Potted plants will be allowed on graves for a period extending 10 days before through 10 days after Easter Sunday.
Christmas wreaths, grave pillows (3x2) and other seasonal adornments may be placed on graves from Dec. 1 through Jan. 20. They may not be secured to headstones or markers.
Flags and flag holders are not permitted on graves at any time. The Avenue of Flags, which consists of donated casket flags, is displayed on Memorial Day, Veterans Day, and other special occasions in lieu of individual grave flags.
Permanent plantings, statues, vigil lights, wind chimes, breakable objects and similar items are not permitted on cemetery grounds. The Department of Veterans Affairs does not permit adornments that are considered offensive, inconsistent with the dignity of the cemetery or considered hazardous to cemetery personnel. For example, items incorporating beads or wires may become entangled in mowers or other equipment and cause injury.
Unauthorized items removed from graves and surrounding areas will be disposed of in a proper manner.
VA regulations 38 CFR 1.218 prohibit the carrying of firearms (either openly or concealed), explosives or other dangerous or deadly weapons while on VA property, except for official purposes, such as military funeral honors.
Possession of firearms on any property under the charge and control of VA is prohibited. Offenders may be subject to a fine, removal from the premises, or arrest.
Togus National Cemetery is located in Kennebec County, in the town of Chelsea, Maine, on the grounds of the Department of Veterans Affairs Medical and Regional Office Center.
The name Togus comes from the Native American name Worromontogus, which means mineral water. The Togus property was originally a summer resort called Togus Springs. It was owned and operated by Horace Beals, a wealthy granite merchant from Rockland, Maine, who hoped to establish a racing and resort community like Saratoga Springs, N.Y. He invested over $250,000 in a hotel, stables, bowling alley, farmhouse, bathhouse, driveways and racetrack. The untimely resort opened in 1859 but failed to generate business due to the Civil War. The resort, known locally as "Beals' Folly," closed in 1863. Beals died shortly after his business failed and the government obtained the property for $50,000. The spot was selected because of its isolation from large cities, well-known spring and bargain price tag.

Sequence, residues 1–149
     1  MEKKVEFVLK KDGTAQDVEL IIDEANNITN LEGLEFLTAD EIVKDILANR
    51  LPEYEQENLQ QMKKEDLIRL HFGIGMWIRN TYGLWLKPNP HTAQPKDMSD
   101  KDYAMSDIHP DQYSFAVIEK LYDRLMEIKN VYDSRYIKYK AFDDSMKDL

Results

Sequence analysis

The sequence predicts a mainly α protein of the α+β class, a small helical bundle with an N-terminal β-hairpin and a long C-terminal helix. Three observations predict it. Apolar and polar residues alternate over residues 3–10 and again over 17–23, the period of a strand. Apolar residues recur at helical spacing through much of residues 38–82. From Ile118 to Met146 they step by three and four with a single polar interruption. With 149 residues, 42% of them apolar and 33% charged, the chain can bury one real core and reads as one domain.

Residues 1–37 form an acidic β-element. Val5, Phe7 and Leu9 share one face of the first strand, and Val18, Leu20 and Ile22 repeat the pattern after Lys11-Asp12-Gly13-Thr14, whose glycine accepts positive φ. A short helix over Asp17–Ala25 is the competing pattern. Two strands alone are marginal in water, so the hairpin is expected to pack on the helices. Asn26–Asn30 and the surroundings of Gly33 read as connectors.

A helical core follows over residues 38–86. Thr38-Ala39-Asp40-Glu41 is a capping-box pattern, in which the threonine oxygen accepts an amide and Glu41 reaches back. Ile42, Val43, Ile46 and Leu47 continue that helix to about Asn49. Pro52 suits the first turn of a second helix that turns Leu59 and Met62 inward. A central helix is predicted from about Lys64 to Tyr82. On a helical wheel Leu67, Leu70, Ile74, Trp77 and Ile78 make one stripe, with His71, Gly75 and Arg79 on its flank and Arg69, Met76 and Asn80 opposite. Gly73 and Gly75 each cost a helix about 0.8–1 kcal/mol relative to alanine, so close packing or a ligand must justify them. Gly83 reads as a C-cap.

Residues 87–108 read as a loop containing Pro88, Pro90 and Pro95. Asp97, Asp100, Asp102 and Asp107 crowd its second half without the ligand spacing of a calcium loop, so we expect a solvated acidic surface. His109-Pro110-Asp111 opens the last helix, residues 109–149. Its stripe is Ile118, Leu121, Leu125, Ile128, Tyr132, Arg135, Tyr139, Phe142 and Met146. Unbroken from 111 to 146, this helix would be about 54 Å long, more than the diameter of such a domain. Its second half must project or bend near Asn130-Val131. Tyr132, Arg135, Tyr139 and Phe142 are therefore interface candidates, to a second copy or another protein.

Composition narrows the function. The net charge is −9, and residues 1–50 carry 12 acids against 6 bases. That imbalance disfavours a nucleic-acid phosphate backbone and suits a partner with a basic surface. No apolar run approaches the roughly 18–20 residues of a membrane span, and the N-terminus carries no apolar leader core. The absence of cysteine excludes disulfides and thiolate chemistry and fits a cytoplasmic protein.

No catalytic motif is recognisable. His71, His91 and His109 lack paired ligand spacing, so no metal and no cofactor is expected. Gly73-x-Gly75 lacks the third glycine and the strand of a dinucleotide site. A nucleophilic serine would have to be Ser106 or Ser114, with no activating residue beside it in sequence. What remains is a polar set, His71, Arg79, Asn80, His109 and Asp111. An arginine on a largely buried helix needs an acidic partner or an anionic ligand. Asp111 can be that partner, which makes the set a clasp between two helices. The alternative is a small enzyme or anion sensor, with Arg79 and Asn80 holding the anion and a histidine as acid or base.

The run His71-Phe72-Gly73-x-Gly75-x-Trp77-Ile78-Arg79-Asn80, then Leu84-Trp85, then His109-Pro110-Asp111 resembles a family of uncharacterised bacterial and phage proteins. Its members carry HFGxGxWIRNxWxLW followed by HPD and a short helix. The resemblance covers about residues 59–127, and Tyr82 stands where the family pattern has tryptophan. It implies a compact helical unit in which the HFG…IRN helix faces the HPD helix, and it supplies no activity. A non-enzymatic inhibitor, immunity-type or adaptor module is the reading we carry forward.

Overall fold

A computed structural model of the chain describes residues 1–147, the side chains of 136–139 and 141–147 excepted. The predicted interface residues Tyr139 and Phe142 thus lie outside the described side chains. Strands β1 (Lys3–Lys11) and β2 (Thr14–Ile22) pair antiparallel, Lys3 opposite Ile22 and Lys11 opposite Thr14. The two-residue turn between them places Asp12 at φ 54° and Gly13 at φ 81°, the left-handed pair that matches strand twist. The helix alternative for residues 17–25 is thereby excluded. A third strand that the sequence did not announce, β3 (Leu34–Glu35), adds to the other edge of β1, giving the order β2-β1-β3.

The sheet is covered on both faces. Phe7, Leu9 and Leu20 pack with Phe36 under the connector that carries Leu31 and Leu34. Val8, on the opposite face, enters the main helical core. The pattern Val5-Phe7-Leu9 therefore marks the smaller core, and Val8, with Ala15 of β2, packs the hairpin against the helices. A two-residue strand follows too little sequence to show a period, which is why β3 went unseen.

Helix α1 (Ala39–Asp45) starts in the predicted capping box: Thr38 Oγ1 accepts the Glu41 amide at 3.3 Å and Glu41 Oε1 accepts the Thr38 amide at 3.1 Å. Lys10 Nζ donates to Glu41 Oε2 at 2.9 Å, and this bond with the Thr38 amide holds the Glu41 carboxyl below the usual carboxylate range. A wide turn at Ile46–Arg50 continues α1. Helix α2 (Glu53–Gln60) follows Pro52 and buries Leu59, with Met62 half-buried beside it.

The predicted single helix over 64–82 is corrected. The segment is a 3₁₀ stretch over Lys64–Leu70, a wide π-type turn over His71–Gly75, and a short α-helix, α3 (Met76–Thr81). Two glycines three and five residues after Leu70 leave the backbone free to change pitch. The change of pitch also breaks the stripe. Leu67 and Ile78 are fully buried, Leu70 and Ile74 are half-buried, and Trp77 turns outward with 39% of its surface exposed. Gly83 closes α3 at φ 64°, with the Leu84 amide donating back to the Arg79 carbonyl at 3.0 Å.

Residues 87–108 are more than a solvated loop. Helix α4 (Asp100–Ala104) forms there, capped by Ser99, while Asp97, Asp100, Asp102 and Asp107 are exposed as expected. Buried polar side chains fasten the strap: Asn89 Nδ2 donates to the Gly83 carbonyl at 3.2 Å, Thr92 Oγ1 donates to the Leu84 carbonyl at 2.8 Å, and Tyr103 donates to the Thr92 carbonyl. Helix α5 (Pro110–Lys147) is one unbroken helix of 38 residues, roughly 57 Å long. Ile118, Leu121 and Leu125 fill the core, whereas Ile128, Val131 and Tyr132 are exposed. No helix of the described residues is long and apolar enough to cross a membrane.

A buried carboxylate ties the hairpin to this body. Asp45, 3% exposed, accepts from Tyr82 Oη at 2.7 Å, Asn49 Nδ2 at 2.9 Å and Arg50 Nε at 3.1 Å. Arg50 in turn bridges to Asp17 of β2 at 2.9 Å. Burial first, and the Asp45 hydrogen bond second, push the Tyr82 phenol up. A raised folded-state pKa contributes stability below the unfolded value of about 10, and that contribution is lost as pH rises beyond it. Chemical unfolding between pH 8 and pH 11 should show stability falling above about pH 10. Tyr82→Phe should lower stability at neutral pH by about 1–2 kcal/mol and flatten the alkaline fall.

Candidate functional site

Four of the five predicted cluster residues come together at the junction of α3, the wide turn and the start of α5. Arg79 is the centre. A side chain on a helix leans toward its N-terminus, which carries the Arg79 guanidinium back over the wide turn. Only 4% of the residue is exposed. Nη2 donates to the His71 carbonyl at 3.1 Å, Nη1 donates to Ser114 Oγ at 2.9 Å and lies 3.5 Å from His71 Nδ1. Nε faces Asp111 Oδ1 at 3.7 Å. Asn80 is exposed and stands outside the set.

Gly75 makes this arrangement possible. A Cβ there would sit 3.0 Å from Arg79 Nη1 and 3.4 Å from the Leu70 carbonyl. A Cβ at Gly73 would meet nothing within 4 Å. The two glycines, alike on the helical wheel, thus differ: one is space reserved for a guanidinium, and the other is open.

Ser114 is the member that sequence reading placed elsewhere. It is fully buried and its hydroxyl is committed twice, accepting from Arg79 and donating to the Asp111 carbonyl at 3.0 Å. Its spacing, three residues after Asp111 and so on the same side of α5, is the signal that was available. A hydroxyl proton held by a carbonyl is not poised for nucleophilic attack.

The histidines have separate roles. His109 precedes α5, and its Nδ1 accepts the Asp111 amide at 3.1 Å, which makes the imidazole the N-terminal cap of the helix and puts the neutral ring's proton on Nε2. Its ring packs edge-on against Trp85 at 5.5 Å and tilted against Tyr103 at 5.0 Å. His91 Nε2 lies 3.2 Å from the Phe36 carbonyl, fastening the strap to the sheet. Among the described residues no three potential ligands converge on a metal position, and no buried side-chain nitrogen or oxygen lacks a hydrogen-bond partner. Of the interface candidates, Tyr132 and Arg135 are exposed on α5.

In 1865, as the Civil War was drawing to a close, President Abraham Lincoln signed an act establishing the National Asylum (later changed to Home) for Disabled Volunteer Soldiers. The Eastern Branch at Togus was the first of these facilities to open, in November 1866.
The first veteran was admitted to Togus on Nov. 10, 1866. The home’s population remained below 400 until a building program began in 1868, which eventually provided accommodation for nearly 3,000 veterans. The facilities were organized much like a military camp with men living in barracks and wearing modified Army uniforms. Although a 100-bed hospital was completed in 1870, medical care at the home was limited, even by the standards of the day.